By Ali Raza
In the end of August 2013 a civil nuclear agreement was signed between China and Pakistan to build Karachi Nuclear Power Plant-2 and Karachi Nuclear Power Plant-3 by 2019. This deal was conducted under a grandfather clause.
After careful study, it is argued that Karachi Nuclear Power Plant (K-2) and Karachi Nuclear Power Plant (K-3) belong to third generation of technology that is not only a modern technology, but also it is based upon advance lessons that have been learned from Fukushima accidents. These are PWR reactors with 1100MW of each. This is the biggest project which will be completed with the cooperation of PAEC, PNRA and multinational companies of china. Why these two units would be built near Karachi coast? Because in uranium fueled power reactors water is a necessary requirement in transfer circuit, for cooling systems and to control chain reaction.
However, in the post–Fukushima scenario, environmental safety and security in context of nuclear energy is always a complicated and debatable phenomenon throughout the world. But Pakistan’s history is eyewitness to there being a time when India was supported and Pakistan was opposed by nuclear suppliers from building safe nuclear fuel cycle.
Nowadays this same opposing trend can also be seen within Pakistan from the side of those anti-nuclear activists, who don’t want to realize the importance of Sino-Pakistan civil nuclear agreement. Therefore, sometimes the lack of awareness is more dangerous than existing challenges.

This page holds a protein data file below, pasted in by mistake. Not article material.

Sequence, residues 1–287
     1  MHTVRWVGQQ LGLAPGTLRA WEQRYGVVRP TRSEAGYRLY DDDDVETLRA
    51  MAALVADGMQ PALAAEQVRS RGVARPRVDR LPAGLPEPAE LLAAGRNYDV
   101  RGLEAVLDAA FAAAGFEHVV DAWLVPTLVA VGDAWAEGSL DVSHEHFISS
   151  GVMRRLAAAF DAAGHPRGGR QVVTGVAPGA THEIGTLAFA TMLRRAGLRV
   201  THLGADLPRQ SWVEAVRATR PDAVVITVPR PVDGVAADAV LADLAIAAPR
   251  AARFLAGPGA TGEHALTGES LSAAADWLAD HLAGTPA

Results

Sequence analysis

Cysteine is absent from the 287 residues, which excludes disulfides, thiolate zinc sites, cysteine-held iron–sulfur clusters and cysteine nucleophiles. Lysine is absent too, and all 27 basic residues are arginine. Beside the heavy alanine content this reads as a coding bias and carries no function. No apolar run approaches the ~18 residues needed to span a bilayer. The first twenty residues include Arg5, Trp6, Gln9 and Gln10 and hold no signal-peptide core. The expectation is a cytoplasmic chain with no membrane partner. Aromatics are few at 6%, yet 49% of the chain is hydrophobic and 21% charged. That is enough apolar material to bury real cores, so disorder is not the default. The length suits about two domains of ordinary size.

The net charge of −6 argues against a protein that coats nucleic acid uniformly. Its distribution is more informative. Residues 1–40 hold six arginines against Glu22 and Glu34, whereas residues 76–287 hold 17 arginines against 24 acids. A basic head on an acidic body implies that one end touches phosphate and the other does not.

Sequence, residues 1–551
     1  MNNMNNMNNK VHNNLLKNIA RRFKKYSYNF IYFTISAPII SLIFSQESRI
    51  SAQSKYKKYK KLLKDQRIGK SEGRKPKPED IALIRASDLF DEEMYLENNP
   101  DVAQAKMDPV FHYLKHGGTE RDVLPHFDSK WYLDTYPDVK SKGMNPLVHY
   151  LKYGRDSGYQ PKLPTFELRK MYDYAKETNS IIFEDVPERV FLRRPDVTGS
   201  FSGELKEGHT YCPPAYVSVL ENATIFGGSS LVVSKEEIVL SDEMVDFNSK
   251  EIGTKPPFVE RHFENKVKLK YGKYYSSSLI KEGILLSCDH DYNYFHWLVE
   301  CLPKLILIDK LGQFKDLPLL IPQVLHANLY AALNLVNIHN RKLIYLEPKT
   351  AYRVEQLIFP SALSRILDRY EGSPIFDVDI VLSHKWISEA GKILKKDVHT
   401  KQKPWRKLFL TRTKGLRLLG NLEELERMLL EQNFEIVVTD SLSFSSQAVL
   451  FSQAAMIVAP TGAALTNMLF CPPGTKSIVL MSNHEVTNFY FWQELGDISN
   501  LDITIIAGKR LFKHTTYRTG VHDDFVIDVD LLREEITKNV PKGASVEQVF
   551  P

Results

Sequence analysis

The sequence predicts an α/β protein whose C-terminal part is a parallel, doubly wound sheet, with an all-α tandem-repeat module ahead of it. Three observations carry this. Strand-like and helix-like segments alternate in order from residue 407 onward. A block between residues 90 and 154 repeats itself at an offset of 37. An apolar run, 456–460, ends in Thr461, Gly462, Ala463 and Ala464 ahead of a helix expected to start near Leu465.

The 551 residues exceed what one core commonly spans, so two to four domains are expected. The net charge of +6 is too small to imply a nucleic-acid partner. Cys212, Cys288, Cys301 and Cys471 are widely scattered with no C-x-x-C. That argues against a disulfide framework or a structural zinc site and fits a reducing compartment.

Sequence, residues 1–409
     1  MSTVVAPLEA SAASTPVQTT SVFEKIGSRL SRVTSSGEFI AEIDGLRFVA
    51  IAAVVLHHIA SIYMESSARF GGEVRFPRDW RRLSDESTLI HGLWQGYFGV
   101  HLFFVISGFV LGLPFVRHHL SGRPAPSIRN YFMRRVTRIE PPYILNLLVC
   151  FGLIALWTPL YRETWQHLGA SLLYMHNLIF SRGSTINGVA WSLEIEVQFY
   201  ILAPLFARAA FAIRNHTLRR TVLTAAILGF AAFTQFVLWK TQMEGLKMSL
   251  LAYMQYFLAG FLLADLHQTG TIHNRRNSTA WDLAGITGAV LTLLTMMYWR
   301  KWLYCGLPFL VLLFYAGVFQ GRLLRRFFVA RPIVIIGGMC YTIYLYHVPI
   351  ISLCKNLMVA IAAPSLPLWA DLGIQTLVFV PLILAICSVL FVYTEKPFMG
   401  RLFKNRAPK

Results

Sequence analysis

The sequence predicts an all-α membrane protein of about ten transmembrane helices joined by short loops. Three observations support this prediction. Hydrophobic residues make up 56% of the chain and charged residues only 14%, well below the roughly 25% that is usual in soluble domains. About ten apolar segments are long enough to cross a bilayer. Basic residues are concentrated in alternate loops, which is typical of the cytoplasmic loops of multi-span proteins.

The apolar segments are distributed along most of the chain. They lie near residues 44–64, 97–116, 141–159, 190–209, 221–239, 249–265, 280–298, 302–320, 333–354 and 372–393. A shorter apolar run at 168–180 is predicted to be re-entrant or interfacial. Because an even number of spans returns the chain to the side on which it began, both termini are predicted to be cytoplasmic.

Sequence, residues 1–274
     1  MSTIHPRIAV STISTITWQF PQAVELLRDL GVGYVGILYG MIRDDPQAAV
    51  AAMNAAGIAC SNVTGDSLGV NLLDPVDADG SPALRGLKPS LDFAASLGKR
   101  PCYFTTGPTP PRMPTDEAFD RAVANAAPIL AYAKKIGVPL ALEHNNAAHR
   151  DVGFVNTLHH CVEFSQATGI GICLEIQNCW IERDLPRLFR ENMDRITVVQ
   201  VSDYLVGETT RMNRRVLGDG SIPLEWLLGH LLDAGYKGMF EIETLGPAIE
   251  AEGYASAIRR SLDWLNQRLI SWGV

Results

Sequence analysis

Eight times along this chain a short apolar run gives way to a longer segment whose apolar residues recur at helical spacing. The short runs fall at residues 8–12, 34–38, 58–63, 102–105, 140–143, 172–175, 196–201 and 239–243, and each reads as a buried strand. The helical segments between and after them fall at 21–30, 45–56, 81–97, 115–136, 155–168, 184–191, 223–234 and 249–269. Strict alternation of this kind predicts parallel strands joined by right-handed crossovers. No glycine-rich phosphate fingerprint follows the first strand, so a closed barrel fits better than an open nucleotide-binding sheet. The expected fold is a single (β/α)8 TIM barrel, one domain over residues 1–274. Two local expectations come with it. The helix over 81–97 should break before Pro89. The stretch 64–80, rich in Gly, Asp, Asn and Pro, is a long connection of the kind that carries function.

In terms of economic and energy crisis it is true that national budget for environment, environmental degradation, unsustainable development, ecological effects, natural disasters and polluted water are major issues in Pakistan. But in the context of nuclear energy, it would be wrong to say that Pakistan is an inexperienced nuclear state. So, here questions to ponder upon are: what are purposes and advantages of K-2 and K-3 in Pakistan? And why the environmental impact assessments are taken into consideration?
Today, in the world 14% electricity is generating from nuclear sources and there are 31 countries that are using nuclear energy to generate electricity and nuclear energy also prevents from toxic gases such as nitrogen oxide and sulfur dioxide.
Pakistan is also facing immense challenges of electricity shortfall. According to the PEPCO analysis, Pakistan is generating total 10,306MW energy, while total demand of electricity is 15,316MW.
However, “timber mafia” is emerging in Pakistan due to impacts of electricity crisis. As Pakistan’s Inspector general for forests said, “even large factories in Karachi are burning woods due to gas and power crisis”. Thus, in a future scenario, the cutting and burning of this natural asset could be a great cause of environmental threats such as floods, global warming and water pollution. In this regard it can be said that K-2 and K-3 are not only important to fulfill the energy gap but are also better to enhance environmental security in Karachi.